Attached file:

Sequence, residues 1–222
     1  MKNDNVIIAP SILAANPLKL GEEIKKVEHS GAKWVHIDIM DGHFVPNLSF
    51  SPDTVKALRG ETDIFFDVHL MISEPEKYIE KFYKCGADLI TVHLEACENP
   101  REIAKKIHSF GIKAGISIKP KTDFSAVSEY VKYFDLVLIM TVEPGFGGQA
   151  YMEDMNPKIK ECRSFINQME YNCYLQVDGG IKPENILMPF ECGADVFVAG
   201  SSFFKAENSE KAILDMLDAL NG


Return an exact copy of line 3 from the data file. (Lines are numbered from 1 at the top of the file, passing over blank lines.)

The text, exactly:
    51  SPDTVKALRG ETDIFFDVHL MISEPEKYIE KFYKCGADLI TVHLEACENP